MacOS provides more native functionality than Windows. Features such as computer vision and PDF generation are included in MacOS, rather than requiring the use of 3rd party components, which may not as robust as desired, and may require a license for commercial use. However, documentation of MacOS functionality, if present at all, was rarely useful. A few times I asked questions on Stack Overflow which attracted the ire of the Mac gurus for either through having obvious (to them) answers or through not conforming to the forum guidelines (in their opinion). However, the integration of NuGet with Visual Studio provides easy access to the massive number of 3rd party libraries available for .Net on Windows.
The model-view-controller paradigm used on the Mac took some getting used to, as did the design of the main Xcode screen. Sometimes a useful display would disappear and I had difficulty in finding it how to bring it back. I often had to resort to retrieving earlier versions from the excellent Time Machine backup. Form design is similar on both platforms – dragging and dropping components from a library. Both Xcode and Visual Studio have bugs, as would be expected for such complex apps. Events from components are generated automatically in Windows, but have to be defined on the Mac (as Actions). References to the component you’ve added also need to be defined on the Mac (as Outlets) and are not a property of the component, whereas on Windows they are.
The Xcode environment provides only basic facilities from scratch: if you need to do something more sophisticated you’ll have to Google around to find out how. Once you know – it’s easy, but the learning curve for Xcode is much higher than for Visual Studio.
Rather than starting from scratch with the Mac version of my Caption Pro app, which uses local computer vision functionality to detect multiple photos, changes image dimensions and adds text to images, I found an existing open-source project on GitHub with similar basic functionality. This dated from 7 years ago and used Objective-C, so that was the language I opted for. An immediate handicap was that many of the answers I found to my questions used Swift in their example code, which is not interconvertible with Objective-C in the way that C# and VB.Net are. iOS applications for the iPhone (which are most common) use different frameworks from Mac apps, and routines in them sometimes have completely different syntax.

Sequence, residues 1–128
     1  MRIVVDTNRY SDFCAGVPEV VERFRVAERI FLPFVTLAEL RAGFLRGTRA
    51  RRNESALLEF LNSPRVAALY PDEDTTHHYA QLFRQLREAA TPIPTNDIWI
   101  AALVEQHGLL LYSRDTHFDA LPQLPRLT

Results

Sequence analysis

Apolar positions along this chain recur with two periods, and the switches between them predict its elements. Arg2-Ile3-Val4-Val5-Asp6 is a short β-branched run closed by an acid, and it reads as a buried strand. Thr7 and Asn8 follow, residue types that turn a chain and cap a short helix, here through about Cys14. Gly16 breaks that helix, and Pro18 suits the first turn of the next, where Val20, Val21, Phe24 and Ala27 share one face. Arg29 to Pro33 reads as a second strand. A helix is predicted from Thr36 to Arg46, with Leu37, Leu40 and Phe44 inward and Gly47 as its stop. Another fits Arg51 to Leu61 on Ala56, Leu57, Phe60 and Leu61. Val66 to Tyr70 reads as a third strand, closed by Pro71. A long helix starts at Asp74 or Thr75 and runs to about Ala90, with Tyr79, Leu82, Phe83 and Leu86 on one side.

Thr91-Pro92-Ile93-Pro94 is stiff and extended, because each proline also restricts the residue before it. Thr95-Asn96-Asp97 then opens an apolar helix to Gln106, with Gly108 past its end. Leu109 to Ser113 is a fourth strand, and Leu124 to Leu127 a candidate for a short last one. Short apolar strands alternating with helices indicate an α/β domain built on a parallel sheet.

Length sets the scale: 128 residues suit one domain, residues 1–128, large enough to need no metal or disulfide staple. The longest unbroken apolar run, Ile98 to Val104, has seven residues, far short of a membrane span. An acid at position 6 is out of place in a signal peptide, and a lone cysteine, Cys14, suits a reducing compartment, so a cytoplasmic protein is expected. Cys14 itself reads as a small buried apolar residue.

The user interfaces for the Mac and Windows versions look quite different, as shown below. There are some basic differences – menus appear separately to the application window on the Mac and are locked to the top of the screen, whereas Windows menus are part of the application screen. Toolbars offer access to common functionality on the Mac. Differences also arise from the fact the Mac application was adapted from existing code rather than created from scratch.
Open-source examples (often from GitHub) are useful, but rarely work out-of-the- box. Sometimes the modifications need are minor – like defining the development team- but sometimes it’s not possible to get them to build in a current version of Xcode.